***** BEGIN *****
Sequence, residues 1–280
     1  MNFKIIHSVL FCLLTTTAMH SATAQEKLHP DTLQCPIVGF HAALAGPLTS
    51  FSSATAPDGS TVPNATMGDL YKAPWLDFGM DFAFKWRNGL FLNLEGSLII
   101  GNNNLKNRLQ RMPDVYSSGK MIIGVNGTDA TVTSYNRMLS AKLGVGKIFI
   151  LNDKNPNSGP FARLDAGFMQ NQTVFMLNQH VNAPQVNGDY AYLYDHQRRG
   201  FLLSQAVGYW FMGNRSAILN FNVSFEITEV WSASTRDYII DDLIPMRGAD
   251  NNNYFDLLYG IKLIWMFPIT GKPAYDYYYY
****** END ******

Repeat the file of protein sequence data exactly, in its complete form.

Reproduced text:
Sequence, residues 1–280
     1  MNFKIIHSVL FCLLTTTAMH SATAQEKLHP DTLQCPIVGF HAALAGPLTS
    51  FSSATAPDGS TVPNATMGDL YKAPWLDFGM DFAFKWRNGL FLNLEGSLII
   101  GNNNLKNRLQ RMPDVYSSGK MIIGVNGTDA TVTSYNRMLS AKLGVGKIFI
   151  LNDKNPNSGP FARLDAGFMQ NQTVFMLNQH VNAPQVNGDY AYLYDHQRRG
   201  FLLSQAVGYW FMGNRSAILN FNVSFEITEV WSASTRDYII DDLIPMRGAD
   251  NNNYFDLLYG IKLIWMFPIT GKPAYDYYYY